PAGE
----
How Pets Benefit Senior Citizens

 By: Jeffrey Weber
By now many of you reading this have heard of the benefits, both emotional and physical of having a pet in your life. Perhaps you have even personally experienced some of these effects yourself, how when you are petting a soft purring kitten or throwing a ball for a dog whose tail wags in pure joy things just seem a little better, you relax and smile and all of the days troubles seem to melt away. The scientific community has taken serious note of these experiences and has started to study the effect that animals have on human emotional as well as physical states. The results of these studies indicate that interaction with our pets greatly benefits our health state and may in fact help older individuals enjoy longer and healthier lives.

Of the many studies conducted, one by the Journal of American Geriatrics Society in 1999 found that senior citizens living on their own that have pets are more likely to have better physical and mental health than those without pets. The study found that those individuals with pets were more active and actually dealt with stress better. Another similar study found that elderly pet owners tend to have lower blood pressure than those without pets in their homes.

So, how does owning a pet provide all of these wonderful health benefits? One of the more obvious ways is that our pets need care, they need walks, and they need to be fed and groomed as well as cleaned up after, and of course there is always play time. This requires some action on the part of the owner encouraging physical activity for the owner. Even if the action taken is something as minor as getting up to open the door for the puppy, stroking a brush through the cats fur or cleaning the bottom of the bird caged. These actions still encourage cardiovascular health, stimulate the brain and keep the body limber.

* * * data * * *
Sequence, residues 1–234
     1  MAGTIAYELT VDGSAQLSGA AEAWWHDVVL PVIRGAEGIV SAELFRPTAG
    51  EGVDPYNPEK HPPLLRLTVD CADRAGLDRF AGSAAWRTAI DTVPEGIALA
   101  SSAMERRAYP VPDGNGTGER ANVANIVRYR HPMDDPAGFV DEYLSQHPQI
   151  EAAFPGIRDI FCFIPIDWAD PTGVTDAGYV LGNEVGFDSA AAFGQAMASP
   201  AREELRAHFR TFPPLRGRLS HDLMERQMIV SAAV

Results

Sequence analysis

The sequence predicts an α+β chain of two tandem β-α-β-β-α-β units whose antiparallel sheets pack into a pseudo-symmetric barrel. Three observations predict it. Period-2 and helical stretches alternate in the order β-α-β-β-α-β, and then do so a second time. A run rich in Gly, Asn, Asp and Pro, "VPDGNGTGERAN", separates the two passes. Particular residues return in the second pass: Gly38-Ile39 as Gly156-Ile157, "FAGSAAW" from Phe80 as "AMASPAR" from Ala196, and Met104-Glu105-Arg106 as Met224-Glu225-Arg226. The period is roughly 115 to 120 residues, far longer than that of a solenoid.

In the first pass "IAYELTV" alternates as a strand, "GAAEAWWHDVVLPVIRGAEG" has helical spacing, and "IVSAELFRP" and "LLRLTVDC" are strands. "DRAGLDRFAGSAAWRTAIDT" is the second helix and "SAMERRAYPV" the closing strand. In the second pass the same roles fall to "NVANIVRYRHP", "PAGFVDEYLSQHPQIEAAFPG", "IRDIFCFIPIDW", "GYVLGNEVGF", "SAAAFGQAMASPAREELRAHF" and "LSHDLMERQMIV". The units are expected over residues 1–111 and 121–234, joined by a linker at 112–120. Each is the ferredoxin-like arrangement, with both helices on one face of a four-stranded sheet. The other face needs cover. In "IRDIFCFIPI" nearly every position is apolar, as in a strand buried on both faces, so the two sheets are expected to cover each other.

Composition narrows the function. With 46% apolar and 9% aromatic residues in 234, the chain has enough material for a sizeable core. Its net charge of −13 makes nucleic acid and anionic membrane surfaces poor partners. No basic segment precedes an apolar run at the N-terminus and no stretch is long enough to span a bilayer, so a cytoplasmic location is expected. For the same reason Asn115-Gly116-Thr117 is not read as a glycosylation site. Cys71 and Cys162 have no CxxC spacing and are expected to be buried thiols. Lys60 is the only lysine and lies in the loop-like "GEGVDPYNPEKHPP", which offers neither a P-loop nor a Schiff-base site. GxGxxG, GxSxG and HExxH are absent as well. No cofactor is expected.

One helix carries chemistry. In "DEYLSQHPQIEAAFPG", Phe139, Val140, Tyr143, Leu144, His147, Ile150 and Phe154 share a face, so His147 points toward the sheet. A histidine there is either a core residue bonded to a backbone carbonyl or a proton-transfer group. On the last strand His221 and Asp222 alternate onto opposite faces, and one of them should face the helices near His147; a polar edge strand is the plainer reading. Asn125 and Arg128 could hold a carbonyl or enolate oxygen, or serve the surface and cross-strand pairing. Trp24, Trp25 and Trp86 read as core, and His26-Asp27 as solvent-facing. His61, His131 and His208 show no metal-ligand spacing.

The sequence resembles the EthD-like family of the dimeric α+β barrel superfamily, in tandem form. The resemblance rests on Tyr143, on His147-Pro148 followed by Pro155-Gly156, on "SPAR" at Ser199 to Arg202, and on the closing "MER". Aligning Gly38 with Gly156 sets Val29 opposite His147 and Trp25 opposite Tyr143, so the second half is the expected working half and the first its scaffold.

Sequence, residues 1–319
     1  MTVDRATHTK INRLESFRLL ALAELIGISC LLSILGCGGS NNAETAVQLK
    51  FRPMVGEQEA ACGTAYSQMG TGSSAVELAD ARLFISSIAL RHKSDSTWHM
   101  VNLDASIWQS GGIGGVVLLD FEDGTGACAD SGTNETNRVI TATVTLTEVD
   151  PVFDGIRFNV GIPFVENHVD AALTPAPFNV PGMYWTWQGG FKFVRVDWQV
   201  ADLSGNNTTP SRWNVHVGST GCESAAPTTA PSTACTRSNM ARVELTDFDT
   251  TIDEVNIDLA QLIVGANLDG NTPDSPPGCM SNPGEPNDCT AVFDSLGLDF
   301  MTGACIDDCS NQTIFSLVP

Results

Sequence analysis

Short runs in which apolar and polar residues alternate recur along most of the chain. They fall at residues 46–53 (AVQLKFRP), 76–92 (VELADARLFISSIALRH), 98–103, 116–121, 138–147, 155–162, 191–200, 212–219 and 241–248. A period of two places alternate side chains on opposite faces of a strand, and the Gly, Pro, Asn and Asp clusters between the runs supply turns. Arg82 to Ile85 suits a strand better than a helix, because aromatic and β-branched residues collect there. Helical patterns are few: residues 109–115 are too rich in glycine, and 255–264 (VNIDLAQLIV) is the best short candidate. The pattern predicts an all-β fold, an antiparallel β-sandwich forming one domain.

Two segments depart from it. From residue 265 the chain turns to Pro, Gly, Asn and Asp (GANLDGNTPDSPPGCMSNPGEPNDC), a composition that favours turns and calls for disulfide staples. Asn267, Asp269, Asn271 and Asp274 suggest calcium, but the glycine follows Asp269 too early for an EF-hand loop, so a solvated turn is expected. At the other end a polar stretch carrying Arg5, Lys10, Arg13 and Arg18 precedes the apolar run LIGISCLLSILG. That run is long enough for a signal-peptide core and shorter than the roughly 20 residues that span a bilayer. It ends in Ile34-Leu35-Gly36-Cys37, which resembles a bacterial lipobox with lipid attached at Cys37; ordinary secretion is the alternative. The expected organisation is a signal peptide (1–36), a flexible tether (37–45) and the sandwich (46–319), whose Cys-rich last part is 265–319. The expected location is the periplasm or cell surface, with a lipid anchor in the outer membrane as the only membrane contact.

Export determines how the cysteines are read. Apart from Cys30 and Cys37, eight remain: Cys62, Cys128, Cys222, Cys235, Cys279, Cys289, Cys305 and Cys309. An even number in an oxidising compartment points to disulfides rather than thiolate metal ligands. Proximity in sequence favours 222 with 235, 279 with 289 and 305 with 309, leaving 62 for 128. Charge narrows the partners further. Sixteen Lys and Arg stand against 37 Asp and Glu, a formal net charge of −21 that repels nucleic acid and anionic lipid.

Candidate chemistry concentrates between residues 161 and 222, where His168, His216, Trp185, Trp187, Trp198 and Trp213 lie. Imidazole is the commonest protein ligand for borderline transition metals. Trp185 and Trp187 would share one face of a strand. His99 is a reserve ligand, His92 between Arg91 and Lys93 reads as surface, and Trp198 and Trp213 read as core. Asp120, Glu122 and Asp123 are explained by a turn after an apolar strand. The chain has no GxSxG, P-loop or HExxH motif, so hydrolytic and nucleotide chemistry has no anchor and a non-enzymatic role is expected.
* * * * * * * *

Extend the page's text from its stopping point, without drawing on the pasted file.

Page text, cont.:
Another benefit, which is a widely accepted concept, is that pets are a great source of companionship. For those senior citizens who may not have family close by pets offer comfort and support and help prevent social isolation by interacting with another living being. Studies have also found that this interaction helps stave off problems such as depression, which is one of the more common issues facing older people. Studies also indicate that the responsibility of owning a pet helps to give seniors a sense of purpose and helps them to maintain routines including things such as eating well and getting the proper rest which in turn benefits their health.

Many nursing homes and retirement communities have found the evidence of the benefits pets provide so compelling that for some years now they have allowed organizations with therapy pets to visit their residence on a regular basis. Moreover, recently a number of facilities for senior citizens have begun to allow the residents themselves to own and have pets.

It is apparent that seniors and pets have so much to give one another. While a pet can never completely replace human contact and relationships they can still older individuals many years of enjoyment and unconditional love that only a pet can offer.
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